Chapter 6: Thermochemistry
Energy is the capacity to do work.
Work: force X distance
Potential Energy: available by virtue of an object’s position
Kinetic Energy: energy of motion
Radiant Energy: in electromagnetic waves, (light) (kinetic)
Thermal Energy: random motion of atoms and molecules (kinetic)
Chemical Energy: store within chemical bonds (potential)
Nuclear Energy: stored with atomic nuclei (potential)
Energy changes in chemical reactions:
Heat: transfer of thermal energy between two bodies that are at
Temperature: measure of the thermal energy
Temperature IS NOT the same as thermal energy
Bathtub=lower temperature, greater thermal energy
Coffee=higher temperature, lower thermal energy
Thermal energy in an object depends on…
Temperature vs. heat
Analogy: bank account How much money is in my account?
How many transfers are in my account? Doesn’t make sense.
Consider a solution
What is the temperature?
How much heat is in it? Doesn’t make sense
How much energy?
Thermochemistry: study of heat change in chemical reactions
System: the part of the universe being studied
Exchanged=mass and energy
Exothermic process: gives off heatthermal energy goes from
system to surroundings
2H2 (g) + O2 (g) ▯ 2H2O (l) + penergy
H2O (g) ▯H2O (l) + energy
Endothermic process: heat has to be suppliedthermal energy goes
from surroundings to system
energy + 2HgO (s) ▯ 2Hg (l) + O2 (g)
energy + H2O (s) ▯H2O (l)
Exothermic or exothermic?
Making ice cubes from water=exo
Conversion of frost to water vapor=endo
Forming a He+ from He (g)=endo
Cl2 ▯ 2Cl=endo
2Na + S ▯Na2S=exo
Units of energy:
1 kg x m^2 x s^2 ~1 human heartbeat
Lift 1 kg by 10 cm
Raise temperature of 1g of H2O by 1°C
Calorie=1000 calories = 1 kcal
Label on food information
37.2 J to cal
37.2 J 1 cal
x = 8.81cal
892.1 cal to kJ
892.1 cal 4.184 J 1 kJ
x x = 3.732 kJ
1 cal 1000 J
104.6 kJ to kcal
104.6 kJ 1000J 1 cal 1kcal
x x x = 25.00 kcal
1kJ 4.184 J 1000 cal
29.4 cal to J
29.4 cal 4.184 J
x =123 J 1 cal
What is energy?
The ability to do work or produce heat
Heat is microscopic
Work is macroscopic
Analogy: coffee in a fridge vs. pushing a desk
Heat and work: the only ways to transfer energy
State functions: properties that are determined by the state of the
system, regardless of how that condition was achieved.
ΔU=U finU initial
ΔV=V finV initial
ΔT=T finT initial
1 law of thermodynamics: energy can’t be created or destroyed
(can change form).
ΔU syst+ ΔU surround = 0 or ΔUsyste= ΔU surrounding
C3H3 + 5O2 ▯ 3CO2 + 4H2O
Exothermic chemical reactions!
Chemical energy lost by combustion=energy gained by the
ΔU= q + w
ΔU is the change in internal energy of a system q is the heat exchange between the system and surroundings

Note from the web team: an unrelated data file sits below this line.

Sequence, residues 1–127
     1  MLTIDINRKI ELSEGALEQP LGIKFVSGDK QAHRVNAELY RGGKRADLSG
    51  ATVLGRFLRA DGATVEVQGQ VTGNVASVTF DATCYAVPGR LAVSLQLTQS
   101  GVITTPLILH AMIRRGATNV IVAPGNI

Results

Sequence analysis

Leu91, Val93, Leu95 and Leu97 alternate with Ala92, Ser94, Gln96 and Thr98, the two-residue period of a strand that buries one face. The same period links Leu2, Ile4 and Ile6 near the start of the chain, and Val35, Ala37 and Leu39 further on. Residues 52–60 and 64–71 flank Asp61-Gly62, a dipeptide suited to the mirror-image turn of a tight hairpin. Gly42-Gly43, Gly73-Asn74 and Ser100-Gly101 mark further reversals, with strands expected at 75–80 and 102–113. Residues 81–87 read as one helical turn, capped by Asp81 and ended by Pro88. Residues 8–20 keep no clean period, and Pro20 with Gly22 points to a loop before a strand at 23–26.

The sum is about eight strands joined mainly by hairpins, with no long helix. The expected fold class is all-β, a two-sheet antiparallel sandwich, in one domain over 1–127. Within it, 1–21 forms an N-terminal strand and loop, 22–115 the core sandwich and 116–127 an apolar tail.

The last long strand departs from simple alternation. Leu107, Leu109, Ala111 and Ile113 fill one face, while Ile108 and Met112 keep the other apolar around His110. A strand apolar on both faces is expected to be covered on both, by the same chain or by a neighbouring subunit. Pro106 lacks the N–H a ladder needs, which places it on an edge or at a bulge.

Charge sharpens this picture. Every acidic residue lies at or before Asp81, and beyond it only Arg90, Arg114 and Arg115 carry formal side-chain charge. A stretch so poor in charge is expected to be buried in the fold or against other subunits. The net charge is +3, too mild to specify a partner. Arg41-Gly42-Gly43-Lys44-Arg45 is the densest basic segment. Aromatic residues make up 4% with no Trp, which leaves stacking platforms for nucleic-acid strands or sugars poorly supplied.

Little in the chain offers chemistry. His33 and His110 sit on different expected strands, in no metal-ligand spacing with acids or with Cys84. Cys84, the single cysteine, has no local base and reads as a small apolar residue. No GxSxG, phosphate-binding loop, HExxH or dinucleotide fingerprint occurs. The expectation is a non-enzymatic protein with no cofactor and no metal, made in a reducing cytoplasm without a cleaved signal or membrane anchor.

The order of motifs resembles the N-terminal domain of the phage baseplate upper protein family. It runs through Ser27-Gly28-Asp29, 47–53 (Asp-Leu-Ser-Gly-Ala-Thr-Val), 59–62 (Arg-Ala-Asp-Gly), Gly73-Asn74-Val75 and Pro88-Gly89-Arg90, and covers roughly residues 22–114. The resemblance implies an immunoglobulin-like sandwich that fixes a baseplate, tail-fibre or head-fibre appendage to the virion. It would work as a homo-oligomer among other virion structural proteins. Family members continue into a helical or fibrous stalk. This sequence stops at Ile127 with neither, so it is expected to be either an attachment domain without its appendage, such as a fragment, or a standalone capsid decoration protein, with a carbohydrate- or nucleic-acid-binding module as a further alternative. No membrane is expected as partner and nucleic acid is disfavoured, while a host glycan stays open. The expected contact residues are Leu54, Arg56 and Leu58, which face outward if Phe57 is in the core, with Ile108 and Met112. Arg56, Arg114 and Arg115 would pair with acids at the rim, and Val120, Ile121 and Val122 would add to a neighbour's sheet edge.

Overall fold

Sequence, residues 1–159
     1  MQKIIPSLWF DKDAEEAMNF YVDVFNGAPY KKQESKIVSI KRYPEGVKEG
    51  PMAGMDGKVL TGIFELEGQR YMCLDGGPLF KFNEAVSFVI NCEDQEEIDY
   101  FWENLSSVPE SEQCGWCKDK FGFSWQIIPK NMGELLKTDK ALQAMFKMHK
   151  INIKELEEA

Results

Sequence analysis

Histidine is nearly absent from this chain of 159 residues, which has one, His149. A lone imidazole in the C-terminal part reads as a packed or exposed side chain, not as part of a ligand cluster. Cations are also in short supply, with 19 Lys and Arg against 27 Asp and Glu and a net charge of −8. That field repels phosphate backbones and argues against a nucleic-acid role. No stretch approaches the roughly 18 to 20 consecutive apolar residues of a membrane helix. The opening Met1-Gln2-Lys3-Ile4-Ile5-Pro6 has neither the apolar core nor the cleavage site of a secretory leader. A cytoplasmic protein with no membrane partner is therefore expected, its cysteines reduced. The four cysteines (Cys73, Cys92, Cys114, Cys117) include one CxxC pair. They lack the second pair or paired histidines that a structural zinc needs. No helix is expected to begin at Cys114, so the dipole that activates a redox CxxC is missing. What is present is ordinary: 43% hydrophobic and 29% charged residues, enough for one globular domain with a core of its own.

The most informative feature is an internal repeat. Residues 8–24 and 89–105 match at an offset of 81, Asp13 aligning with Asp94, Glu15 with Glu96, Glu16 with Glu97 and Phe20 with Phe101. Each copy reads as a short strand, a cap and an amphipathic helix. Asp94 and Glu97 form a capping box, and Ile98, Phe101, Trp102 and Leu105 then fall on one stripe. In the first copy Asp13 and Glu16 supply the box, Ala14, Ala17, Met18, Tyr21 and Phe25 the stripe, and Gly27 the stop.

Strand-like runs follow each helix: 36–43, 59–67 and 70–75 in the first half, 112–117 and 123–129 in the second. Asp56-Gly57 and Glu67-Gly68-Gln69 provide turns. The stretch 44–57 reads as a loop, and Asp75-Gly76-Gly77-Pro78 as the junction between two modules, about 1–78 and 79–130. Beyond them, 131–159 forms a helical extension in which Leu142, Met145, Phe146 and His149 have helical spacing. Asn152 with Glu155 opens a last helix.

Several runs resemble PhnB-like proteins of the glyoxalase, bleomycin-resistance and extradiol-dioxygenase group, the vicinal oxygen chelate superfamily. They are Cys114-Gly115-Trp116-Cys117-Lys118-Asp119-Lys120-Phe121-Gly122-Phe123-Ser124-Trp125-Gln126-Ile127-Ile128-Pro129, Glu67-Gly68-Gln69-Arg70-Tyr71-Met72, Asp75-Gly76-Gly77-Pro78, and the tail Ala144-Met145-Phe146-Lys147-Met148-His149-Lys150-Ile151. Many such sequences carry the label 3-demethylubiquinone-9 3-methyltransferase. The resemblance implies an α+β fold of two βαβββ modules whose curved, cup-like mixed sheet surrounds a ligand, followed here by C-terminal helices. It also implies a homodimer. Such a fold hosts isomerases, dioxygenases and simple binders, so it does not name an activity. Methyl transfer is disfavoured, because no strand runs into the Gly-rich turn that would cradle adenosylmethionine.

w is the work done (or by) the system
w=PΔV when a gas expands against a constant external pressure
Work done by the system:
PxV=F x d^3=Fd=w
w=F x Δd
F=P x A
w= P x A x Δd
A x Δd =ΔV
*Work is not state function
(x)J=L x atm
1 atm=101.3x10^3 Pa=101.3x10^3N/m^2
N=kg x M
101.3J=1L x atm
A gas expands from 1.6 L to 5.4 L (constant T). What is the work
(in joules) (a) against a vacuum (b) against a pressure of 3.7 atm?
(a) ΔV=5.4L1.6L=3.8L P=0atm
w=0atm x 3.8 L = 0Latm=0joules
(b) ΔV=5.4L1.6L=3.8L P=3.7atm
w=3.7atm x 3.8 L =14.1 Latm
w=14.1Latm x 101.3 J
50g of water is cooled from 30°C to 15°C, losing 3140 J of heat.
What is the energy change?
ΔU= q + w
ΔU= 3140 J
A balloon is heated by adding 900 J of heat. Expansion does 422 J
of work on the atm. What is the energy change?
ΔU= q + w
ΔU= 900J – 422J=478J
42.6L of gas expands 48.2L following addition of 1060 J of heat at
1.0 atm. What is the energy change?
ΔU= q +w
w=5.6Latm 101.3 J
x = 570J
30.2 L of gas expands to 84.2 L following addition of 512 J of heat
at 1.2 atm. What is the energy change?
ΔU=q + w
w=64.8Latm 101.3 J
x = 6600J
ΔU=512J6600J=6100J or 6.1kJ
612 J of heat is removed from 37.2 L of gas at 0.80 atm and the
volume becomes 20.0L. What is the energy change?
ΔU=q + w
w=(0.80atm)(17.2L) w=14Latm 101.3 J
x = 1400J
Enthalpy (ΔH) and the first law of thermodynamics
At constant pressure: q=ΔH and w= PΔV
ΔU=ΔHPΔV or ΔH=ΔU+PΔV
Definition: Thermodynamic potential
Measure of a system’s potential energy
Mathematically: H=U + PV
▯ ΔH=ΔU + PΔV (at constant pressure)
Units: J or cal
Recall: ΔU=q + w = q – PΔV
ΔH=qPΔV + PΔV
*But only at constant P!
Differences between q and ΔH
Imagine: P1V1 P2V2
Lots of q/w combinations
Heat and work are NOT state functions
ΔH: Same regardless of path
Enthalpy IS a state function
Defined in terms of U, P, and V ΔH=H fHi
ΔH is intrinsic
Enthalpy and the first law of thermodynamics
ΔU= q + w
At constant pressure:
q=ΔH and w=PΔV
Constant P: often good enough for chemistry
Gas expands, 18 KJ work (done on surroundings)
79 kJ heat released
ΔH? = 79kJ
ΔU? = ΔHPΔV
ΔU = 97kJ
418 J heat added
ΔH? = 418J
ΔU? = ΔHPΔV
= 418J(1.12atm)(0.928L) 101.3 J
x = 105J
=418J105J ΔU =313J
Exothermic: heat given off by the system to the surroundings
ΔH<0 products0 products>reactants
6.01 kJ are absorbed for every 1 mole of ice that melts at 0°C and 1
atm. Endothermic reactions, positive, system absorbs heat.
890.4 kJ are released for every 1 mole of methane that is
combusted at 25°C and 1 atm. Exothermic reaction, negative,
system gives off heat.
Coefficients: always of moles of a substance
H2O (s) ▯H2O (l) ΔH=6.01kJ
Reverse the reactions, change the sign of ΔH
H2O (l) ▯H2O (s) ΔH—6.01kJ
Multiply both sides of the equation: ΔH changes bi same factor
2H2O (s) ▯ 2H2O (l) ΔH=2 x 6.01= 12.0kJ
Note: change in state ▯change in enthalpy!
The physical states of all reactants and products must be specified
in the thermochemical equations
Heat evolved during combustion of 266 g of P 4?
P4 (s) + 5O2 (g) ▯P4O10 (s) ΔH=